- Carbon closes the week flat at €7.17 having spent time in both positive and negative territory
- Gas market developments lead carbon higher in the first half of the week, however…
- Prices briefly tumble below €7 for the first time since 10th October in the second half
- Clean dark spreads improve and looming auction shutdown ensures speculative short close-out
- EU parliament extends EU ETS exemption for non-EU flights
EU Allowance Auction Overview:
- One final 2017 auction takes place on Monday
- Auctions resume on Monday 8th January, 2018
- See auction timetable below
EUA PRICE ACTION
Carbon ended the week flat, ahead of the auction hiatus, having spent time in both positive and negative territory. The inability of carbon to continue last week’s falls would suggest that, for now, prices will stabilise above €7 as we go into an auction-free period ahead of the Christmas holidays and New Year. The main price action for the week was sparked by events in gas markets on Tuesday as carbon became a passenger to bullish external developments. Carbon prices moved higher in sympathy with wider energy markets as an explosion at an Austrian gas hub and additional pipeline issues caused disruption to supply and led prompt gas prices to their highest levels in several years. However, once the market digested the news, carbon prices quickly fell away from the high at €7.46 to end the day in negative territory at €7.14. Further falls led carbon to the low of the week at €6.94 on Thursday. Friday looked set to continue the decline, however, a strong German auction reversed the declines. Carbon found strong support below €7 as speculators closed out short positions ahead of the auction shutdown and a few industrial buyers emerged, keen to take advantage of lower prices before the yearend. Elsewhere the clean dark spreads made small gains as power prices outstripped coal gains but the spreads remain some way off recent highs. Price Impact: we had maintained our neutral stance last week as the mixed effects of the weather, EUA options expiry, upcoming December 17 expiry and the looming auction shutdown played out.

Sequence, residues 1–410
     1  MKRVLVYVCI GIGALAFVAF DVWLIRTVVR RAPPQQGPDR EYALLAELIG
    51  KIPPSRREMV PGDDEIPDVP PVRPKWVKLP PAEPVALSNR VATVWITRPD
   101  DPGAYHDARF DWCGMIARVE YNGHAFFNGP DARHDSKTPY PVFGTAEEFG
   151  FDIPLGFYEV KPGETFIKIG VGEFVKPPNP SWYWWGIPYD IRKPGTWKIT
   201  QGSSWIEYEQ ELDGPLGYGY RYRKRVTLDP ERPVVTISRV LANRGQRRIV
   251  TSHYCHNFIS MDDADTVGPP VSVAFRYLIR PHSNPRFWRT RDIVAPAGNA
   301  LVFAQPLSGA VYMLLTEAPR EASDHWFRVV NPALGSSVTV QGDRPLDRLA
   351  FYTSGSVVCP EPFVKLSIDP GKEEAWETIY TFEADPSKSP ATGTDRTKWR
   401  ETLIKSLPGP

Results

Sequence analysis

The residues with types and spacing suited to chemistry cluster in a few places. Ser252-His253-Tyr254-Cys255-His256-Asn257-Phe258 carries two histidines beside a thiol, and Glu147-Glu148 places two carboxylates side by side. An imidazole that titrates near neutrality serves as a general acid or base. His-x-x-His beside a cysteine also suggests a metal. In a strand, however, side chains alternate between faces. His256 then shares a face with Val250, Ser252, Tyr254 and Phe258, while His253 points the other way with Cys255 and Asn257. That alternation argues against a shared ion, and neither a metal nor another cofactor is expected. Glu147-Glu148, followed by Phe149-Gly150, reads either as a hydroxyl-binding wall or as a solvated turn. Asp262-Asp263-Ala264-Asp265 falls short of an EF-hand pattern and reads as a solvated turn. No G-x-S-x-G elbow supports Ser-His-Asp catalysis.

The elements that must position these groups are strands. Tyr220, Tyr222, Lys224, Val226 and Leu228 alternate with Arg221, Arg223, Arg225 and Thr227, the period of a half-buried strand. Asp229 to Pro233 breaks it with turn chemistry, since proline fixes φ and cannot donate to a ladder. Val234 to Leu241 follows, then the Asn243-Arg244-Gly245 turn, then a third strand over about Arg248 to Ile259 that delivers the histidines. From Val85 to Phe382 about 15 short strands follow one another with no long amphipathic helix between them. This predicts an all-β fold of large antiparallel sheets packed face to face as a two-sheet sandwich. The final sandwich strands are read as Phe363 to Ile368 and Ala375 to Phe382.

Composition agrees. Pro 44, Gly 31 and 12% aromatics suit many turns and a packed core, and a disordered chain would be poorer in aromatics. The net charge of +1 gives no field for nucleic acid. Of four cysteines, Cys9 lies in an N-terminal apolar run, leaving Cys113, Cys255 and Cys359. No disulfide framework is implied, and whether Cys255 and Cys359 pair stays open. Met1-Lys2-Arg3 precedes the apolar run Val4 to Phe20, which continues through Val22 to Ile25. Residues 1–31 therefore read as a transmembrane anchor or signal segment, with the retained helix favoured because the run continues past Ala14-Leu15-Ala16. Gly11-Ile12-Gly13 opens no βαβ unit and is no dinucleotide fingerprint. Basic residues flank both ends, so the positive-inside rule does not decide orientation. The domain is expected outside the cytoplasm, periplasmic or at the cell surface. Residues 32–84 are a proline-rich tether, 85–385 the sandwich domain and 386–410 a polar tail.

Monday sees the last of the 2017 auctions as the UK hosts the final sale of the year. It also sees the expiry of the bellwether December 17 contract that is the centre of most speculative and utility trading activity. The lack of auctions over the remainder of 2017 would appear to skew the risk to the upside and market participants will be mindful of the material increases we saw last December. But speculators may well have gone long in anticipation of this. Certainly the major utilities will have most of their requirements hedged already but if the weather is mild or generation from wind and solar surprise, a move in either direction is possible as we head into year-end. Thin markets mean that speculative positioning as well as any remaining hedging into year-end will have a disproportionate effect on the market. The further we get through the week the more likely we are to see range-bound trading and subdued trade volumes. The weather looks mild for the next week so overall, we maintain a neutral view for the week.
EU parliament extends EU ETS exemption for non-EU flights
The European Parliament has revised legislation to extend the exemption of all non-EU flights from the EU ETS until 31st December, 2023. The extension of the ‘stop-the-clock’ legislation will “allow the experience necessary for the implementation of the UN International Civil Aviation Organisation (ICAO) scheme to be gathered”. Intra-EU and EEA flights will continue to be covered in the meantime. CORSIA, the ICAO run scheme, will look to impose a global carbon offsetting scheme upon international aviators from 2021 onwards. However, doubts over the ambition of the scheme have been raised and the EU will monitor the rules and regulations. The parliament also agreed to bring the aviation cap reduction in line with that of the rest of the EU ETS. The aviation sector will now face a Linear Reduction Factor of 2.2% from 1st January, 2021. And EUAAs (that can only be used by aircraft operators) will also be abolished from 2021, everyone will use EUAs in Phase IV. A decision on the level of auctioning, initially scheduled to be amended to around 50% (from the current level of 82%) has been put off until 2019.